I am writing this post in response to this tweet I received from @rational_is_me
[Firstly the DAWs I have used are limited to Pro Tools, Cakewalk Sonar, and Audacity. Most of this post will be in reference to how I have used the first 2]
To me, Sonic Pi code is to music/production, what sheet music is to music. But better. If you were a classical music composer you would have pre-printed papers of staff/stave and you would compose a piece of music using a piano, transcribing your musical ideas onto the staff using certain lines to denote pitch, certain symbols to denote time and bars to denote loops. With Sonic Pi - instead of symbols and lines representing time and pitch - functions are loops and numbers represent time, pitch and a whole host of other parameters like EQ, phase, mix, room reverb etc. In this way, the code is like a more complex form of musical notation, but (ironically) a kind of musical notation that is actually easier to understand and which you can execute and hear in real time. This allows for a lot of musical ‘doodling’ on a level which I would have to bend backwards to achieve in a DAW.
MUSIC AND MATH
So much of music is math (rhythms, chord intervals, scale intervals) and this kind of notation also taps into my (limited) understanding of arithmetic and ratios that relate to music. To be able to manipulate pitch and rhythm as MIDI numbers and sleep times (even FX parameters as numbers) is very liberating. It becomes easier (and faster) to identify music patterns and production techniques. It also helps advance my own understanding of music theory.
Learning Music theory or learning to play an instrument or learning a DAW, all have a pretty steep learning curve. Sonic Pi doesn’t. You can create interesting musical arrangments within one week of learning the programme. It allows you to explore concepts of music theory and production that would seem impenetrable with any other DAW/instrument, and, in this way, encourages an appetite for advancing music knowledge. Learning to play guitar or piano involves some basic music theory and a lot of exercises training your motor skills. A combination of these motor skills and theory helps to compose and generate new music with most of that music (or all of it!) never notated, just a riff that might exist in one’s head as muscle memory. With a combination of coding skills and theory, using Sonic Pi is like generating music through notation itself, and encourages a level of experimentation with rhythms and harmonies, where you’d have to be fairly advanced to do so using any other music instrument, music program or music tool. With sonic pi, It is easier and faster to develop intuition as a composer/producer.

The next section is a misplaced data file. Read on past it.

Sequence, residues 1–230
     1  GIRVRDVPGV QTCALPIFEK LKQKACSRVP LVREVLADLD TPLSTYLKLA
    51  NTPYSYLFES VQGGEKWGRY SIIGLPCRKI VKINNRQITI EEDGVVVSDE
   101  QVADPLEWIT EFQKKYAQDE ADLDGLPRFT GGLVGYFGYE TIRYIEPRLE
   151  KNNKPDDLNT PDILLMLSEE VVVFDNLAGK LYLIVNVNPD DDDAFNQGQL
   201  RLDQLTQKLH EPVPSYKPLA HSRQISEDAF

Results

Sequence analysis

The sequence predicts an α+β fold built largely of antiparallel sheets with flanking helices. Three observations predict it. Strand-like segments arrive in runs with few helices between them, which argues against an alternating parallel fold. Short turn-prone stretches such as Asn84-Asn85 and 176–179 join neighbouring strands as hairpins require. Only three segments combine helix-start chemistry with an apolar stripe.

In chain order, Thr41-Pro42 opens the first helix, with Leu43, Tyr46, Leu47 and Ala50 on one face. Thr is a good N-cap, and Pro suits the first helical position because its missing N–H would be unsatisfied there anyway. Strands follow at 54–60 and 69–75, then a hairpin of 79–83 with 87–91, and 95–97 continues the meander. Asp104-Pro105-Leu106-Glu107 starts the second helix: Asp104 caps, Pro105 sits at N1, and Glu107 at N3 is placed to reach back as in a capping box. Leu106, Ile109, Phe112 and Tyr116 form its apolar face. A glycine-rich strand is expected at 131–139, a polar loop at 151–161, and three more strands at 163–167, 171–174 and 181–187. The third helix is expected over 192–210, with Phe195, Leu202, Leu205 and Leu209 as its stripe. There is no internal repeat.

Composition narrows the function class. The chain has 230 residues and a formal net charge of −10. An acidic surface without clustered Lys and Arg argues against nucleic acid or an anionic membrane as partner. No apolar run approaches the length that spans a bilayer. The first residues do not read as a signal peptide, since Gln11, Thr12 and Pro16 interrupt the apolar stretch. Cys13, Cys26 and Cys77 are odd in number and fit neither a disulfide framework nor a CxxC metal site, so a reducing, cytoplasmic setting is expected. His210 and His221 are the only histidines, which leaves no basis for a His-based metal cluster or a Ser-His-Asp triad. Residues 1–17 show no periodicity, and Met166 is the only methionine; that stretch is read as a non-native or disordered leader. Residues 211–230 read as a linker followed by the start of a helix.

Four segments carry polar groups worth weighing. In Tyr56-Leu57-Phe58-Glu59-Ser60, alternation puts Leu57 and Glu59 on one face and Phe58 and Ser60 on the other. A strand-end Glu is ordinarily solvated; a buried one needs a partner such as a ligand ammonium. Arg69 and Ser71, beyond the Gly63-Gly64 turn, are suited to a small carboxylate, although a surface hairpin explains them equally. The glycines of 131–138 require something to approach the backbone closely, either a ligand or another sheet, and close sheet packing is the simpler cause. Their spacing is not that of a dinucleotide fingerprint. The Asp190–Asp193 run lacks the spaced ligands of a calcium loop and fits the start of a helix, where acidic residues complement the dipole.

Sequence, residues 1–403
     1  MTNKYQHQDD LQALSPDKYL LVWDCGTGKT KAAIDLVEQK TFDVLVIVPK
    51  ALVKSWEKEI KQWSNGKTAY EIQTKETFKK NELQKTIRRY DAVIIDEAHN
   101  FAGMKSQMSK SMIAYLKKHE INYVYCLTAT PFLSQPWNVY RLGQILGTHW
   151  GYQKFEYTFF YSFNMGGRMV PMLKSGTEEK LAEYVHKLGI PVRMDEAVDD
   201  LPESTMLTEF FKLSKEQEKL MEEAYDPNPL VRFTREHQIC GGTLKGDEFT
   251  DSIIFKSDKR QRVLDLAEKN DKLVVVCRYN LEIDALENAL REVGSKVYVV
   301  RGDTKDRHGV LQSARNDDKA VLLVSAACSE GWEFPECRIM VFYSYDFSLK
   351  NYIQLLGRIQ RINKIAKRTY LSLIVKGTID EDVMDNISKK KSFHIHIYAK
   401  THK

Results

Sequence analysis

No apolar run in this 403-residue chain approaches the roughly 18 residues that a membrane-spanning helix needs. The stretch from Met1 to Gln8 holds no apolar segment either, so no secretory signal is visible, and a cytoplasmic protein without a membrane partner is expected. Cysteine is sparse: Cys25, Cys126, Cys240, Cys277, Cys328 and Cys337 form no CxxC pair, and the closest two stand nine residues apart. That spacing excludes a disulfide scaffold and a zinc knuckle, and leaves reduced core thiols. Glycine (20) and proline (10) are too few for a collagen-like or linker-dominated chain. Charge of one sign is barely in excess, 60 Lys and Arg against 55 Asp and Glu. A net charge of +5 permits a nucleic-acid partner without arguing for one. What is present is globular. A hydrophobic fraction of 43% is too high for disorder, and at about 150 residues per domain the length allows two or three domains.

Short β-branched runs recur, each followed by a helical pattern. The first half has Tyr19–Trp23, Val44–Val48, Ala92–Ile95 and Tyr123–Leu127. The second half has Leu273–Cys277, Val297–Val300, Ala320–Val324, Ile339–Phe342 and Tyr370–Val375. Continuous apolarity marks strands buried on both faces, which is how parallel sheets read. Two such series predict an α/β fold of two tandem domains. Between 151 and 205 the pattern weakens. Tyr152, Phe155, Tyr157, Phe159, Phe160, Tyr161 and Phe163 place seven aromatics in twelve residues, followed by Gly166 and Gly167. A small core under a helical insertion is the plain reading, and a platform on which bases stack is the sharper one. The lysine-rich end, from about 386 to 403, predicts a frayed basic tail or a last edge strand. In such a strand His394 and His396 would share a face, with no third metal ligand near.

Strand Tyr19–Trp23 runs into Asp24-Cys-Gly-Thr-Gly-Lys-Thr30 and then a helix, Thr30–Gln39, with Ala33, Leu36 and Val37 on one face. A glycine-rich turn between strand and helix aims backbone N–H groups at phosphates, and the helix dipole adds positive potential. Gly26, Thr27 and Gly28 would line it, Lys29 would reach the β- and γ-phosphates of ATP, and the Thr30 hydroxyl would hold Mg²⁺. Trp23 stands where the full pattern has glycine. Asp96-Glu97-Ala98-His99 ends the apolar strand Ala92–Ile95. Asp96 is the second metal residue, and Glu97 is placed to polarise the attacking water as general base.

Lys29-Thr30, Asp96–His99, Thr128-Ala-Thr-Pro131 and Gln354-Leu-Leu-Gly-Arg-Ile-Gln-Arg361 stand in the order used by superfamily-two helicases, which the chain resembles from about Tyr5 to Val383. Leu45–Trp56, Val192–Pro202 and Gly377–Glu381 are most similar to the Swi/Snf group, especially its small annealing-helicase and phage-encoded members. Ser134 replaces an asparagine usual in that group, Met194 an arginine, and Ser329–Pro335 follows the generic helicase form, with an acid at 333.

I got into music production because of the album ‘Endtroducing…’ by DJ Shadow which is music constructed solely from samples. The idea of manipulating samples and loops is what a lot of hip-hop/electronic/pop music production is based on. In DAWs (for me), looping forms a part of the editing process and is treated as a more static element in the track. I will copy-paste/duplicate a region to loop it. Same with automating certain parameters (e.g, sliding the cutoff, or bypassing, i.e, switching the mix from 1 to 0). In a DAW, automating parameters usually involves a lot of processing power (this is true for pro tools). With Sonic Pi this is not the case. Using the live_loop not only simplifies manipulation of loops, it allows for a lot more fluid, complex and interesting manipulation (e.g, randomisation, Sam Aaron’s probablistic sequencer), where the amount you can morph the loop seems to extend to infinity.
So why not just use a drum machine/step sequencer? (Was a big user of Hydrogen, once upon a time…) They do allow you to create looped patterns where each pattern can be modified, even on the fly. This is interesting because, for the fact that sonic pi reads the code in a buffer line by line, I feel the music tends to not sound too machine-like. If you have two loops (containing a beat sequence) playing simultaneously in hydrogen (or pro tools) it sounds very much like a machine, because everything is exactly on the beat. As far I have understood, Sonic Pi has a self correcting mechanism for time exceptions, which make it sound a little more organic than a normal drum machine (on this point I could be wrong, because this I have gauged purely by ear).
It’s portable and shareable!
This is as much as I can think of for now. If anyone has any questions or would like to add (or subtract) to this or if you have a different take on this, i would love to hear it!